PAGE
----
John
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Old June 22nd, 2005, 12:20 PM   #7
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Hi Tim. I just thought I would throw my 2 cents in. I agree with what has been said here concerning jumping on the HDV bandwagon. Give it some time, as I am. I do weddings and events, and I just bought an XL2 about 6 months ago. I figured there is plenty of life left in high quality SD, and some companies out there are making leaps and bounds in affordable HD technology. There is a Co. developing a system for capturing uncompressed SD and HD from a Panny DVX100A, and soon for the XL2. Why would I jump to HDV, which is highly compressed HD? There is alot more to a high quality event DVD than resolution, though some on this forum may argue that point.
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Old June 22nd, 2005, 05:06 PM   #8
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I can say nothing more accept that I agree with Brian and John. HD is maybe 'fun' now, but it's still not as close as many like to believe. Not many people have a HD television set, and SD is still alive.
Better a great SD cam than a crappy HD cam.
And, as Brian said, there is more to video/film then resolution. Especially in the wedding videography.
Best regards,
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Old June 23rd, 2005, 01:08 AM   #9
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SOme other htings to think about.

1. You really want/need two cameras to give good reliable coverage. STuff does happen, and a second cam on a tripod at the back can ave your butt and your reputation. It also gives you more options to get excellent coverage with camera one, because you have cam 2 running to cover the moves. Two of same model (or similar like vx2100 + pd170) will make matching them in post much easier. Also, low light issues should be addressed, and is why many people choose vx2100 or pd170. You will also need second tripod, maybe get by with cheaper head at first.

2. Backup backups backups. 2 senn wireless units is a good idea. Feed one into each camera. You may also want to consider in iRiver witha lav (about $200 total) for even more redundancy in case you have wireless issues. You need backups of everything important to do weddings professionally.

3. Lots of extra batteries.

4. What will you do if it rains? A raincoat is useful, or at least a plan (umbrella attached to tripod?).

5. Get one Senn unit with the buttplug, so you can convert your shotgun to a wireless interview mic if you need it and want to offer that as part of your service.

6. Good isolating headphones. Most people seem to like Sony (7506??), I use etymotic on location.

7. A monopod can come in handy. Get the Manfrotto one with retractable legs, and you can get a lot of mileage out of it as pseudo-crane and pseudo-glidecam. Get QR tiltable head for it too that matches your tripod head.

There are lots of gimmicks to differentiate yourself in a crowded market, but I seldom hear of anyone losing a job because of formats. 16x9, 24p, HDV are all gimmicky. I would not choose any of them just for weddings, but if you like 16x9 format (its especially good for some things) that could be a factor, as could 24p if you like that look and want to do shorts or documentaries. I think HDV is not ready for prime time, and would not spend money there as a newbie. You have plenty of things to buy, including marketing stuff like ads and brochures and going to bridal shows.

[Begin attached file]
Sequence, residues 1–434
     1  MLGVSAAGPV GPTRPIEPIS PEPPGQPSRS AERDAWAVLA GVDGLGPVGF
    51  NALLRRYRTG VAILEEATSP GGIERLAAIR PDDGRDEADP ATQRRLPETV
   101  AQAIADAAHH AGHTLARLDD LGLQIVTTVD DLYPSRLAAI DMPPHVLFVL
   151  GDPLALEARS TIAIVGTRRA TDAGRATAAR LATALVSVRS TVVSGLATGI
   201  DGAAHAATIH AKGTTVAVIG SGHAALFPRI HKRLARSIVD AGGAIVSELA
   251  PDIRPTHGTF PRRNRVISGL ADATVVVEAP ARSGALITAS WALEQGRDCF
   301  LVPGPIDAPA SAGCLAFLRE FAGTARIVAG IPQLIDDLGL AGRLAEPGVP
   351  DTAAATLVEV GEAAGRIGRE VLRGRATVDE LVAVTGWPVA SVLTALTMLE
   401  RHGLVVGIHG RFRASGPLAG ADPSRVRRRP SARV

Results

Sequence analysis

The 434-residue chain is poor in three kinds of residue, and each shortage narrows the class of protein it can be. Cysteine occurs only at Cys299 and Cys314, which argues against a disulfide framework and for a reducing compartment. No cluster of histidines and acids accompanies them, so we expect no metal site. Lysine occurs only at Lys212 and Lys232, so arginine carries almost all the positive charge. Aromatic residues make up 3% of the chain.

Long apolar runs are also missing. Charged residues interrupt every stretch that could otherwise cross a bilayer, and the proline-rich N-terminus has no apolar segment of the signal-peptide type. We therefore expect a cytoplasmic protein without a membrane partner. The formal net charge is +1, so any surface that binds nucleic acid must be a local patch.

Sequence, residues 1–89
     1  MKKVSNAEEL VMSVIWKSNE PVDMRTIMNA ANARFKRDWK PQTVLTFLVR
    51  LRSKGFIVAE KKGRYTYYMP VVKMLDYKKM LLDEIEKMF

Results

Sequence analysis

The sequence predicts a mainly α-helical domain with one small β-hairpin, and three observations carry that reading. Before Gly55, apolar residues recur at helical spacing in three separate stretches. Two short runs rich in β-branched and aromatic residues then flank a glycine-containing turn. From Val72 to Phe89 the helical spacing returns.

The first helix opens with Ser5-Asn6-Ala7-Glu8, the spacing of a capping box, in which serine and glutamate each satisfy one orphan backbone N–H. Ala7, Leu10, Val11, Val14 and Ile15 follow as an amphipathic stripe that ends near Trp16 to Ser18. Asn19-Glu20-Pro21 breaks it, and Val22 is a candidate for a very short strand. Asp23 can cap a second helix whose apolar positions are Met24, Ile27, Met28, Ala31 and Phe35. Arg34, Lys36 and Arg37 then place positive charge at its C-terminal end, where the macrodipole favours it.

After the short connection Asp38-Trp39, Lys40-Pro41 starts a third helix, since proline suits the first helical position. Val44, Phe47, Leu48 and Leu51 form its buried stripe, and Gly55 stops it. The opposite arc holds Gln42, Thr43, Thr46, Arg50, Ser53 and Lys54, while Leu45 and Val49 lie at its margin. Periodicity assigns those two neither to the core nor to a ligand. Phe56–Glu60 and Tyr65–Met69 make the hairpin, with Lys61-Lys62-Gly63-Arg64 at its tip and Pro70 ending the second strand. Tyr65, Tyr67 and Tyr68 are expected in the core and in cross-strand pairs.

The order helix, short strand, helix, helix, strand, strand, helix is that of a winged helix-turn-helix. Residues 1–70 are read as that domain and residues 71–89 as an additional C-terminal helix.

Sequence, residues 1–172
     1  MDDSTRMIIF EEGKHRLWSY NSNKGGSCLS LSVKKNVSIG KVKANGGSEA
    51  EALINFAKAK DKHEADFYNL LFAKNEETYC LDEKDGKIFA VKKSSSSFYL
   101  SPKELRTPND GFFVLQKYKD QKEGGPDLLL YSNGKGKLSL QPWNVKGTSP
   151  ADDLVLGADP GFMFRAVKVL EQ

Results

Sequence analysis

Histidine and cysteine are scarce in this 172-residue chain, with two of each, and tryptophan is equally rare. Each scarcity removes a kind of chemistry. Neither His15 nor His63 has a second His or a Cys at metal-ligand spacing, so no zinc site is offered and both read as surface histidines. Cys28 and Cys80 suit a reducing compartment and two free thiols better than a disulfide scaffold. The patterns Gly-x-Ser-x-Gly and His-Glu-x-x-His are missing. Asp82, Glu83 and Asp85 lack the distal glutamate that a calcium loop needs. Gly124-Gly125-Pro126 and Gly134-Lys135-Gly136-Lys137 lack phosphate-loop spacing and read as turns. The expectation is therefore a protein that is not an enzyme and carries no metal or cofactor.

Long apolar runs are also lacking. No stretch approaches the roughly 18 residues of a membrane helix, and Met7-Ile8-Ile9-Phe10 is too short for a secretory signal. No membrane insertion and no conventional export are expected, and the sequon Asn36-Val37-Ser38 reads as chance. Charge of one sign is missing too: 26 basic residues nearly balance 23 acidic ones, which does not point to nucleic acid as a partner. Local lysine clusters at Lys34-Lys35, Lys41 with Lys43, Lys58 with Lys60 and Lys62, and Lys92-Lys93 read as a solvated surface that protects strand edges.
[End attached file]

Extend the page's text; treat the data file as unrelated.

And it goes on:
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Old June 23rd, 2005, 05:19 AM   #10
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The Sony PD150 and PD170 are very popular cameras in this forum for weddings and event videography. I recently switched from a GL2 to a PD170 and couldn't be happier. I love the ergonomics and performance of the PD170. You won't find a camera that performs better in low light. Not only can it capture with lower light, but the digital signal processing is truly outstanding. You can apply up to 12db gain with virtually no visible noise.

The PD series is the professional Sony series and these cameras are well-built and are well-supported by Sony. Some may suggest the VX2100, which is very similar, but the iris control is not as good, and you would have to add a XLR adapter and wide angle adapter to approach what you get in the box with a PD170. By the time you do this the cost is almost the same, but the capabilities aren't.

I don't believe any of the HDV cameras come close on low-light performance to that of the PD170. The HD world is expanding very rapidly right now and I wouldn't jump in yet unless I had a compelling, money-making, reason to do so. And just so you know, I'm a huge fan of HD.

This question has been asked many times. Do some searches in this forum and in the VX2100/PD170 forum for lots of comparisons and opinions.

Good luck in your new business, and let us know your decision.
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Old June 23rd, 2005, 07:50 AM   #11
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This HD thing is a bit of a conversational piece. I see TONS of opinions on what HDV is and isn't, but I also think it is coming from a lot of people that have not really used the equipment first hand. My main three cameras are a DVX-100a, and XL-2 and a Sony FX-1.

Let's start with this. The main points AGAINST HD right now are, delivery and the lack of clients that actually have HD. There are numerous ways to deliver HD right now, and if you get clients on the bleeding edge, you can give them a beautiful piece in HD, today. The problem is, most clients don't have, and probably don't want it. I have now shot 2 weddings in HD since buying the camera in March.